I've got some exciting news for you today! There's a new indie pattern company in town! I've long admired not only the classic and sophisticated style of Sally from Charity Shop Chic but her ability to turn at first glance ugly garments into beautiful pieces with some pattern cutting magic. So you can imagine how excited I was when she revealed to me a couple of months ago that she was releasing her own line of PDF sewing patterns as Capital Chic Patterns. (FYI I am lucky enough to count Sally as a friend and cocktail buddy but all the opinions I share with you here are unbiased and honest)
I was so happy to be asked to test and I knew I wanted to test the Martini Dress from the second I saw the preview. I love the flattering illusion the boxy crop top and (boned!) fitted high waist creates plus the shaping of the armholes and length of the skirt is so chic. I decided to go for it and try out the midriff flashing trend that is so popular at the moment so made up the two piece view B. There's also the option to make this up as a one piece which looks like separates if you are wary of having skin on show. I feel comfortable in this as it is but if making up this variation again would definitely add a little length to the crop top as I am wary of flashing something I don't want to! I'm fairly short, particularly in the body so if you are on the tall side you will definitely need to add some length.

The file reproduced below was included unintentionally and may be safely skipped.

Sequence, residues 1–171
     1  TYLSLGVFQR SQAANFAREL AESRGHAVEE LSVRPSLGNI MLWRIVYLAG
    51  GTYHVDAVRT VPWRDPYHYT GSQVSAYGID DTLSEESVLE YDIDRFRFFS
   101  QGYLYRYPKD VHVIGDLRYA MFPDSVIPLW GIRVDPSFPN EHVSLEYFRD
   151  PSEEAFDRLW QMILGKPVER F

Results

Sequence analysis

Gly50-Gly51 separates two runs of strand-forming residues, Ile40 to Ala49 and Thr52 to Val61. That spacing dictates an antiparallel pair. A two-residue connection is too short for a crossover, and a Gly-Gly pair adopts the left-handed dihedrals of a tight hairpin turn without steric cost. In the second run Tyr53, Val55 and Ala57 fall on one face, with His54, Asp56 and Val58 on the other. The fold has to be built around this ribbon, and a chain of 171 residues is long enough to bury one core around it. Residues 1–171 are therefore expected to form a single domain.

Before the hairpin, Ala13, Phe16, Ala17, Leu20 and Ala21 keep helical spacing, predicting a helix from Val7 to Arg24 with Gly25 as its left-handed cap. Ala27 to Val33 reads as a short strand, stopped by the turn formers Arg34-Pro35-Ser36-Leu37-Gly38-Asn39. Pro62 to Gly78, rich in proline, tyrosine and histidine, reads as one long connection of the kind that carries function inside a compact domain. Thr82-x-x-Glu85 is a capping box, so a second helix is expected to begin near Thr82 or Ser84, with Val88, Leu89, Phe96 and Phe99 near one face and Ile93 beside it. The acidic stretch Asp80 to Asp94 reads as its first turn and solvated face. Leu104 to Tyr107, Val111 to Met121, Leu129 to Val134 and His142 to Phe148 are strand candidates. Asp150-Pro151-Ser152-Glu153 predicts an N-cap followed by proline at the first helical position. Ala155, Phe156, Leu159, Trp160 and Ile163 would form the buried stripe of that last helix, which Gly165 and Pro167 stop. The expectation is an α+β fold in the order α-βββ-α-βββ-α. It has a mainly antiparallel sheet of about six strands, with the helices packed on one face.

I cut a size 2 and the fit was pretty much spot on straight out of the printer. Along with lengthening the crop top by and inch or two I might taper this bottom edge in slightly for some added security but apart from that it all sits really nicely. I used a stretch cotton sateen which I picked up ages ago in Unique Fabrics on Goldhawk Road. It's really great stuff and they have a great range of colours if you are looking for some solid sateen. I only needed 1.2 metres (150cm wide) to make this up! You can make the Martini in a non stretch fabric but I think I would recommend a woven with a teeny bit of stretch like this sateen as it does make it slightly easier to sit and manoeuvre in. I love the snug fit of the waist and skimming fit over the hips and a bit of give in the fabric meant I didn't have to compromise the look of this.